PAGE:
Weather tends to be talked about in relative terms. People don’t tend to settle on knowing current conditions – they want to compare and rank to other locations, and with years past. This is especially true in winter. Which snowstorms were the most severe? Which winters were the worst? Who got the most snowfall, and who lucked out?
In that spirit, the National Climatic Data Center (NCDC) created a new map that visualizes when the average coldest day of the year happens across the United States.
So what does that map reveal? Most locations west of the Rockies can expect to experience the coldest day of the year sometime in December. A late January “coldest day” is more likely across the Corn Belt, meantime. And a very few locales (bits of Hawaii and Alaska, for the most part) wait until February or even March before the coldest day of the year arrives.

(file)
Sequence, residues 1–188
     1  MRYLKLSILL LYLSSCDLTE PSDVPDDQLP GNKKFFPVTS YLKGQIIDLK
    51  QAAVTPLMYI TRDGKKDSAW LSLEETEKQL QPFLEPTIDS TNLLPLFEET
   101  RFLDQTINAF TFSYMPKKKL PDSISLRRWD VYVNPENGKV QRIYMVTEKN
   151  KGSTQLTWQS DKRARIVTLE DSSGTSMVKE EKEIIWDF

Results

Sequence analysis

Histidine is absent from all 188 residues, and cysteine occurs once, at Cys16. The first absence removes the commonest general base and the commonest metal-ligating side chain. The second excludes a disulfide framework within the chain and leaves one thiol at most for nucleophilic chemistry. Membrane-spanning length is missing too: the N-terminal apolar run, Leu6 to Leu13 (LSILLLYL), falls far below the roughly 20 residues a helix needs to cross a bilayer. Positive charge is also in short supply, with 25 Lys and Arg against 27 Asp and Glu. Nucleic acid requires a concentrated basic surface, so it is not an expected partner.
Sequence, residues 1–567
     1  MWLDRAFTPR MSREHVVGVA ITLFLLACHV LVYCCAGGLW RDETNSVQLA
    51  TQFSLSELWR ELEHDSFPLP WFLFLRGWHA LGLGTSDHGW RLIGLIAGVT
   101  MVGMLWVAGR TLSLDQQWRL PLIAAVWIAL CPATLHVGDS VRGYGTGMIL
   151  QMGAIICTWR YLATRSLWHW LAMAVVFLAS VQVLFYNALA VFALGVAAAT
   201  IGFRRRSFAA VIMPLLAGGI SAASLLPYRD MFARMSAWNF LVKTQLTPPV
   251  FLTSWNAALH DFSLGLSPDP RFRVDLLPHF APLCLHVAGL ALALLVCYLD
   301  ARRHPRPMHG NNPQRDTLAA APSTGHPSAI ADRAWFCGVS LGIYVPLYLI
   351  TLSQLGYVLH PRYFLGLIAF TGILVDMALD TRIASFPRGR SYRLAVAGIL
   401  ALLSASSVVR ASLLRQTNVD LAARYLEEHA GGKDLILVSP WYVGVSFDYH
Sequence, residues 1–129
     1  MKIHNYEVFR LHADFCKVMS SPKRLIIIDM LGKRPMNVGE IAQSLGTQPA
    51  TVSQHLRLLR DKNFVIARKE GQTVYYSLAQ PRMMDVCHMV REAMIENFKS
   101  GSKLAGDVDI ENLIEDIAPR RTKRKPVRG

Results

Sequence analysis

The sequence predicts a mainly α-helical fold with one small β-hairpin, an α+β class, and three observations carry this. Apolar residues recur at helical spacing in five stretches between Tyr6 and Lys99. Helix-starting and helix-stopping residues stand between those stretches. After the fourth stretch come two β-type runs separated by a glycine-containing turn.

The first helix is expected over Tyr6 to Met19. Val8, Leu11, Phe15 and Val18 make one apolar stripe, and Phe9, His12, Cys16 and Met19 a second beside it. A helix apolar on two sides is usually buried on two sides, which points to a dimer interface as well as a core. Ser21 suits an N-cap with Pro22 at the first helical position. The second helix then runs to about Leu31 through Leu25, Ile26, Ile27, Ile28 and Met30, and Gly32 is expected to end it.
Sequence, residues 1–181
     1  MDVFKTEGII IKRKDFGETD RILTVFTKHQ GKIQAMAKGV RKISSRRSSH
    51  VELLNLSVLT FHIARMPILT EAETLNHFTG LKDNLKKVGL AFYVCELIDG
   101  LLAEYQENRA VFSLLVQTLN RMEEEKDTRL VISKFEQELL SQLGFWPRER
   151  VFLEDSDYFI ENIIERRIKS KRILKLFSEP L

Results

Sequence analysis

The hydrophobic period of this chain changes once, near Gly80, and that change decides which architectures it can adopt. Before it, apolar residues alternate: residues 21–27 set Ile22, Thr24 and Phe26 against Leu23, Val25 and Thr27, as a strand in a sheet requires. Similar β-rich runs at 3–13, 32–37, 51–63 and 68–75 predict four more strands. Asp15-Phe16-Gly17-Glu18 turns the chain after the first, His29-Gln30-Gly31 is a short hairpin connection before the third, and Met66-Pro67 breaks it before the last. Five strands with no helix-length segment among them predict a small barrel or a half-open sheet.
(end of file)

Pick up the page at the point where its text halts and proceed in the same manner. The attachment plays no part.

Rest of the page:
The map isn’t just a pretty picture, the NCDC argues, but also serves as a helpful tool for many.
“Temperature Normals are important indicators used in forecasting and monitoring by many U.S. economic sectors,” the NCDC writes. “Knowing the probability of low temperatures can help energy companies prepare for rising heating demand. They are also useful planning tools for the healthcare, construction, and tourism industries. You may want to check the Normals before planning your next event or vacation.”
The NCDC also points out that the map indicates averages only. This year’s actual conditions may vary widely based on weather and climate patterns.
Stay on top of emerging weather news and analysis, plus dive into more than a dozen maps that track temperature, rainfall, soil moisture, frost warnings and much more at http://www.agweb.com/weather/. Share your best wintertime stories on AgWeb’s Winter 2014-15 discussion thread.